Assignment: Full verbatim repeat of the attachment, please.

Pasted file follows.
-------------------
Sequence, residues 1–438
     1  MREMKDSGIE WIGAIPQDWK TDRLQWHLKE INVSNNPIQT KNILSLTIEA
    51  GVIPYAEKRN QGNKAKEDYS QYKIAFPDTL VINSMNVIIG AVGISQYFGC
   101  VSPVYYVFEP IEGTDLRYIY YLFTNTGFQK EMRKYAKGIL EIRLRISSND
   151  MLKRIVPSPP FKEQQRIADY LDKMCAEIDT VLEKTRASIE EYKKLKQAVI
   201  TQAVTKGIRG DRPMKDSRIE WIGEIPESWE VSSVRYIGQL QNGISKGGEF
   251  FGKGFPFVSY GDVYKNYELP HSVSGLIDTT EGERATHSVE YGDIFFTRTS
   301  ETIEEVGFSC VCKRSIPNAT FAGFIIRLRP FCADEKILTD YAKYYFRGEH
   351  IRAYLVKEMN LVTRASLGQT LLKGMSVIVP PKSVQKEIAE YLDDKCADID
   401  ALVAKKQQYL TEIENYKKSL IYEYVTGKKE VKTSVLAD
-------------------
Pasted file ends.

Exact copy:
Sequence, residues 1–438
     1  MREMKDSGIE WIGAIPQDWK TDRLQWHLKE INVSNNPIQT KNILSLTIEA
    51  GVIPYAEKRN QGNKAKEDYS QYKIAFPDTL VINSMNVIIG AVGISQYFGC
   101  VSPVYYVFEP IEGTDLRYIY YLFTNTGFQK EMRKYAKGIL EIRLRISSND
   151  MLKRIVPSPP FKEQQRIADY LDKMCAEIDT VLEKTRASIE EYKKLKQAVI
   201  TQAVTKGIRG DRPMKDSRIE WIGEIPESWE VSSVRYIGQL QNGISKGGEF
   251  FGKGFPFVSY GDVYKNYELP HSVSGLIDTT EGERATHSVE YGDIFFTRTS
   301  ETIEEVGFSC VCKRSIPNAT FAGFIIRLRP FCADEKILTD YAKYYFRGEH
   351  IRAYLVKEMN LVTRASLGQT LLKGMSVIVP PKSVQKEIAE YLDDKCADID
   401  ALVAKKQQYL TEIENYKKSL IYEYVTGKKE VKTSVLAD